The report is a contribution to the process initiated by the European Commission's Green Paper 'Living and Working in the Information Society: People First' which was launched at the Information Society colloquium in Dublin in September 1996, under the Irish Presidency.

In the light of the responses to the Green Paper, and taking account of the High Level Group of Experts' report, the Commission will shortly be presenting a follow up Communication on 'The Labour Market and the Social Dimension of the Information Society.'

Annex I

The members of the high-level expert group (HLEG) are:

Hans Blankert, President, Confederation of Netherlands Industry and Employers (VNO-NCW), The Hague, Netherlands.

Gerhard Bosch, Professor, Head of Labour Market Department, Institut Arbeit und Technik, Gelsenkirchen, Germany.

Manuel Castells, Research Professor, Consejo Superior de Investigaciones Científicas, Barcelona, Spain.

Liam Connellan, former Director General of the Confederation of Irish Industry, Dublin, Ireland.

Birgitta Carlson, Senior Advisor, Telia AB, Farsa, Sweden. *

Ursula Engelen-Kefer, Deputy President, Deutscher Gewerkschaftsbund (DGB), Düsseldorf, Germany.

Chris Freeman, Emeritus Professor, Science Policy Research Unit, University of Sussex, United Kingdom.

Lisbeth Knudsen, Chief Editor, Det Fri Aktuelt, Copenhagen, Denmark.

Yves Lasfargue, Director, Centre d'Etude et de Formation pour l'Accompagnement des Changements (CREFAC), Paris, France.

Isabelle Pailliart, Professor, Institut de la Communication et des Médias, Université Stendhal, Grenoble, France.

Armando Rocha Trindade, President, Universidade Aberta, Lisbon, Portugal.

Jorma Rantanen, Director, Finnish Institute of Occupational Health, Helsinki, Finland.

Luc Soete (chairman), Professor, Director, Maastricht Economic Research Unit on Innovation and Technology (MERIT), University of Maastricht, Netherlands.

Pier Verderio, Director, International Relations and Training, Federazione Informazione e Spettacolo - Confederazione Italiana Sindacati Lavoratori (FIS-CISL), Italy.

*Sadly, Ms Carlson passed away on 17 February 1997, two days after the final meeting of the Group.

Annex II

List of recommendations

1. Actively stimulating the acquisition of knowledge and skills

  •  a. Establishing an education network
  •  b. New financial incentives for training
  •  c. Improving and disseminating knowledge on learning methods
  •  d. Producing high-quality, low-cost learning materials

2. Coordinating regulation at EU level

3. Public services as an engine of growth in the emerging IS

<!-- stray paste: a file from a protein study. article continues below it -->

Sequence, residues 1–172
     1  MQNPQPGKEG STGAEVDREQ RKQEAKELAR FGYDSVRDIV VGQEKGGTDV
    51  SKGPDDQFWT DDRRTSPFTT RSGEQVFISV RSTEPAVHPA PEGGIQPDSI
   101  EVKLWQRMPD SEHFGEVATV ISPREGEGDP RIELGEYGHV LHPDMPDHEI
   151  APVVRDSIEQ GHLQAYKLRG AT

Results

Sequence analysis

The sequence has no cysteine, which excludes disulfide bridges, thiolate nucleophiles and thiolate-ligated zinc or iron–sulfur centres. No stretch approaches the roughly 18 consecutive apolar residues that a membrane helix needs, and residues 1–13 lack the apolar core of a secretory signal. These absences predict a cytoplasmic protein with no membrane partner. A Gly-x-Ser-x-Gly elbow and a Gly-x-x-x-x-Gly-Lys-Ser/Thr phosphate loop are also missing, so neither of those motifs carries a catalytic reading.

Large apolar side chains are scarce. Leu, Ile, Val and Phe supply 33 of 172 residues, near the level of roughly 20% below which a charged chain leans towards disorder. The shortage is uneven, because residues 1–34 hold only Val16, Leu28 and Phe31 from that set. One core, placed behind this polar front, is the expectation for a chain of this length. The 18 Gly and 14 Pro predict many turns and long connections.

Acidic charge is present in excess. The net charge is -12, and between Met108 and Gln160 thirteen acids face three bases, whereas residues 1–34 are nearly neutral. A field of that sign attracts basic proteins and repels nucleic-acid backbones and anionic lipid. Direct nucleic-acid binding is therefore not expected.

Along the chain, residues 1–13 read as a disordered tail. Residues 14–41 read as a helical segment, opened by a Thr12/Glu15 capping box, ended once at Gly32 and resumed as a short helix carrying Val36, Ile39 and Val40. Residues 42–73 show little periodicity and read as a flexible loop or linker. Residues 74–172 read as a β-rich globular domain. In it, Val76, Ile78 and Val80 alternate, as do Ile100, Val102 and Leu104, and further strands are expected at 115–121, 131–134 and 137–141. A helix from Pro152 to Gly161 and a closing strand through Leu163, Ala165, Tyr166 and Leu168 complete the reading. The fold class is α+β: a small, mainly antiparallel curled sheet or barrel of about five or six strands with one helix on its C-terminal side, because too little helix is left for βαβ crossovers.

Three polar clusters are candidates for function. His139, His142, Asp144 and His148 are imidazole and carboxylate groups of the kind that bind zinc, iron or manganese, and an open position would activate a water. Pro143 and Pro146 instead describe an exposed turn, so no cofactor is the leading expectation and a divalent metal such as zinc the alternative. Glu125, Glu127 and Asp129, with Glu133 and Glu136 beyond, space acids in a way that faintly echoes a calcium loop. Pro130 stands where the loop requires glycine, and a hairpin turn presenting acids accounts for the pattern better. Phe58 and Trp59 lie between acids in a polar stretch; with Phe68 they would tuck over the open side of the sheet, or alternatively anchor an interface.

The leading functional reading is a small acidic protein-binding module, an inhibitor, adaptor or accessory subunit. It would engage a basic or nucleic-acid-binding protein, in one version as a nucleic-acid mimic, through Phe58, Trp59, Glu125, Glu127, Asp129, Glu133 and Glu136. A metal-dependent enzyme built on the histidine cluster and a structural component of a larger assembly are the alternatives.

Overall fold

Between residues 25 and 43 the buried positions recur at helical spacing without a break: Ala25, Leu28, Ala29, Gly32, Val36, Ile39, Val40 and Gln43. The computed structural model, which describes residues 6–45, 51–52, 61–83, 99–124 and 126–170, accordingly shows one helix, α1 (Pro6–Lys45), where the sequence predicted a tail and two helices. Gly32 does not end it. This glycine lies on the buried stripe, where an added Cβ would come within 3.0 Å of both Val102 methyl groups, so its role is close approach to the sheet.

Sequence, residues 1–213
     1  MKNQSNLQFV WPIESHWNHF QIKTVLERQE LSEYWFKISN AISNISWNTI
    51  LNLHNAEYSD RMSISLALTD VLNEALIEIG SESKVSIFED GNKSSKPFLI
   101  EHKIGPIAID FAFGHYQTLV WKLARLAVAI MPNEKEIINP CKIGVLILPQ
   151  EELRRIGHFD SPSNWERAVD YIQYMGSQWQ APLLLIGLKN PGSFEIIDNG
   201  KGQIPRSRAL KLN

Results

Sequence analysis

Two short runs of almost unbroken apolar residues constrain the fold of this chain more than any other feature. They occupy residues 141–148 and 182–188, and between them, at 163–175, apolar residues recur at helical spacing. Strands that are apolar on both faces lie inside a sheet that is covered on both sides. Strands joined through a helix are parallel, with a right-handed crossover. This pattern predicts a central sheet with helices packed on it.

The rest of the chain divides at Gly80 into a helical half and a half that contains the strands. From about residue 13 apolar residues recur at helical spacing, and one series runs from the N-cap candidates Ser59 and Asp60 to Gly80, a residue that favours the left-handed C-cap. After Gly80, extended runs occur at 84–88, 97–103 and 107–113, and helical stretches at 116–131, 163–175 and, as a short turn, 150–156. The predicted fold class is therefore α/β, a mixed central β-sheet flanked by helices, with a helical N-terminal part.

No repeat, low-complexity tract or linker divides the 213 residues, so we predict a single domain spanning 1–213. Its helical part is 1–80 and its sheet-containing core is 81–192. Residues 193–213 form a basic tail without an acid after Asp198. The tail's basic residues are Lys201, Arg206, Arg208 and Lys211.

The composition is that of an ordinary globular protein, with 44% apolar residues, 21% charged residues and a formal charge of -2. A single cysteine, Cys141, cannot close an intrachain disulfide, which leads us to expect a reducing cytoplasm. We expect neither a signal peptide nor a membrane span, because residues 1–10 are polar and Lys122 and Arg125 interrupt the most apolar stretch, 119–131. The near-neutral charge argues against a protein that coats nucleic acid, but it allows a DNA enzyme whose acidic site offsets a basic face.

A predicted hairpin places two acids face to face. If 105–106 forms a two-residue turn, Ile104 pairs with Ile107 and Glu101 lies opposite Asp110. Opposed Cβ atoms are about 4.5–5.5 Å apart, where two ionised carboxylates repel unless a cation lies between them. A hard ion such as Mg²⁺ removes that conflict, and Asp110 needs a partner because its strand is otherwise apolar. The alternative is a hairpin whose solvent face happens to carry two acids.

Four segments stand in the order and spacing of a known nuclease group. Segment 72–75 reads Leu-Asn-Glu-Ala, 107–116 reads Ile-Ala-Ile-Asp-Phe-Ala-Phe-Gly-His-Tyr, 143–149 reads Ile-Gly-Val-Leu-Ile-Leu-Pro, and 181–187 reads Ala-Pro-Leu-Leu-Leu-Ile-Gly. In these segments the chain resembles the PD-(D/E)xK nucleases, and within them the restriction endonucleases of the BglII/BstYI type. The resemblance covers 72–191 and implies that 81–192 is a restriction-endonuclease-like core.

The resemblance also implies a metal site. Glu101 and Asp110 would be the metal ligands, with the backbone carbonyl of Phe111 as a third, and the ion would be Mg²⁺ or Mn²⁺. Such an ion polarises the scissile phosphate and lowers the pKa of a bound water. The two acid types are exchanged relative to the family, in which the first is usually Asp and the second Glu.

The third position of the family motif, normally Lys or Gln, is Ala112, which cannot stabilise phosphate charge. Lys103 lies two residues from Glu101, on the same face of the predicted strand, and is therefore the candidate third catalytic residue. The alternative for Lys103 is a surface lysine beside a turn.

•  a. Shifting public services from infrastructure to content
  •  b. Making public services more effective: improved productivity for a better service
  •  c. Public services as models of service provision
  •  d. Improving health services

4. Exploiting the virtual value chain

  •  a. Measuring intangible performance
  •  b. Creating confidence in electronic commerce
  •  c. Mastering the impact of virtuality

5. Developing flexible working arrangements

  •  a. Collecting successful case studies of organisational innovation
  •  b. Handling outsourcing
  •  c. Towards security in flexible working arrangements
  •  d. Dealing with new occupational health risks
  •  e. From promoting telework to integrating it within society
  •  f. Social dialogue in the IS

6. Managing time

  •  a. Structuring flexible working time
  •  b. In search of time 
  •  c. Healthy living in the IS

7. Reprioritising "full" employment

  •  a. Enhancing employment growth in the IS
  •  b. Towards a social global level playing field

8. Maintaining national government revenue in an increasingly global environment

9. Including everyone

  •  a. Increasing social participation
  •  b. Avoiding exclusion/targeting specific needs
  •  c. Providing technological tools for the social partners
  •  d. Towards a European Social Fund focused on employability

10. The death of distance

  •  a. Towards universal community service
  •  b. Rethinking regional cohesion policy

11. European diversity - taking advantage of the many emerging information societies

  •  a. Developing a high-quality multimedia industry
  •  b. Nurturing a multicultural Europe
  •  c. Celebrating the local

12. Transparency and democracy

  •  a. Maintaining pluralism
  •  b. A democracy project